EY expects 'massive approval' in vote to split up company
LONDON, Feb 14 (Reuters) - Partners in EY are expected to give approval for spinning off the company's consulting arm and listing it on the stock market by the end of the year, a senior EY official said on Tuesday.
Over 13,000 partners - out of EY's 365,400 staff - are due to vote on the divestiture plan in April with the outcome known quickly, said Marie-Laure Delarue, EY's global vice chair for assurance and member of the company's global executive.
"We expect a massive approval, but it's not to say there is still not a lot of work to do," Delarue told Reuters. "A lot of our clients tell us it makes total sense, but you have to do it right. Regulators are, in general, supportive."
Just over half of EY's 145 country networks will vote on splitting each national network into separate auditing and consultancy units. It is a move which does not make sense for all networks, Delarue said.
Country networks which vote to reject splitting up would stay with what remains of EY, which will include advisory, tax and sustainability services alongside auditing, she said.
EY, formerly known as Ernst & Young, is one of the world's 'Big Four' auditors, along with Deloitte, PwC and KPMG. It had revenues of $45.4 billion in the year to June 2022.
The "Newco" will account for $25 billion of revenue and 7,000 partners, with what's left of EY representing $20 billion and 6,000 partners.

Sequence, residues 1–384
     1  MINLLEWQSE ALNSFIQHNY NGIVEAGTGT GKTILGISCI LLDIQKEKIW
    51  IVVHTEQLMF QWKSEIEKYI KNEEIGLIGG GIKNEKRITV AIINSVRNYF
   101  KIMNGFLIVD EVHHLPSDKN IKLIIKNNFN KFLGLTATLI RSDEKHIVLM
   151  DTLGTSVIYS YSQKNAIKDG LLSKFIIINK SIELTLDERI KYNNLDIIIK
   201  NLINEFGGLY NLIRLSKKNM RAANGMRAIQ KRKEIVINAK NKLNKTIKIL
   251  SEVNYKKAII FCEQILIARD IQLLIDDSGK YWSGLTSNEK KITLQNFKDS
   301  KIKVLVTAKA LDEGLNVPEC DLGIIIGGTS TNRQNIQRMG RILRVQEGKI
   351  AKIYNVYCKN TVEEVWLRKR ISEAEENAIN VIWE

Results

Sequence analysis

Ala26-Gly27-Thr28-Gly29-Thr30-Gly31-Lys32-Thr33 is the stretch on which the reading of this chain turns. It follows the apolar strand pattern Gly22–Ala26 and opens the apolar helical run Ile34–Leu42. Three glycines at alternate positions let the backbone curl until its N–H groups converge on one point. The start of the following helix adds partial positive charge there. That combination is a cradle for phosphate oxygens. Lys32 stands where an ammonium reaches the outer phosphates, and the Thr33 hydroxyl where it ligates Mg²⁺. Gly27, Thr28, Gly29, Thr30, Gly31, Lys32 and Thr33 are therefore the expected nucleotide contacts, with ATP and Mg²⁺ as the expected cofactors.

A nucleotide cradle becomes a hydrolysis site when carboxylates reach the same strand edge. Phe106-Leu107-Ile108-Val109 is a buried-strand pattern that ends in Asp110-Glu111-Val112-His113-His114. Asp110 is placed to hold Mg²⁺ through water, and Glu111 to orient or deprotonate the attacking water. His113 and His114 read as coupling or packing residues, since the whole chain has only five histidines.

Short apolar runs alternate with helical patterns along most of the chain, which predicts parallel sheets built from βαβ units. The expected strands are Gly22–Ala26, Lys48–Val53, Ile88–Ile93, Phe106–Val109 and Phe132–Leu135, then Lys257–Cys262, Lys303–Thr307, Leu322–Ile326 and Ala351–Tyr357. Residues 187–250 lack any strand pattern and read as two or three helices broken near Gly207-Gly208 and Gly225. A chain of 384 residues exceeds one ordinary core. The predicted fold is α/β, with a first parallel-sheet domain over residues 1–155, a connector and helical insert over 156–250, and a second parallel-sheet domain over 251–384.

The divestiture has raised questions over attracting and retaining auditors when the consulting side has traditionally been better paid, an issue Delarue said regulators have raised.
"We are going to take this as an opportunity to reinvigorate the attractiveness of the profession," she said.
The aim is for "Newco" to be ready for a stock market debut and issuing bonds by the end of the year, Delarue said, declining to give any detail on where the stock would be listed.
The timing will depend on market conditions and could move into 2024, but will likely mean partners reaping windfalls worth millions of dollars each.
The other Big Four firms have indicated they will not be following suit, for now at least.
Britain is already requiring the Big Four to run their auditing and consultancy arms separately by mid-2024 to minimise conflicts of interest from providing services to firms they are also auditing.
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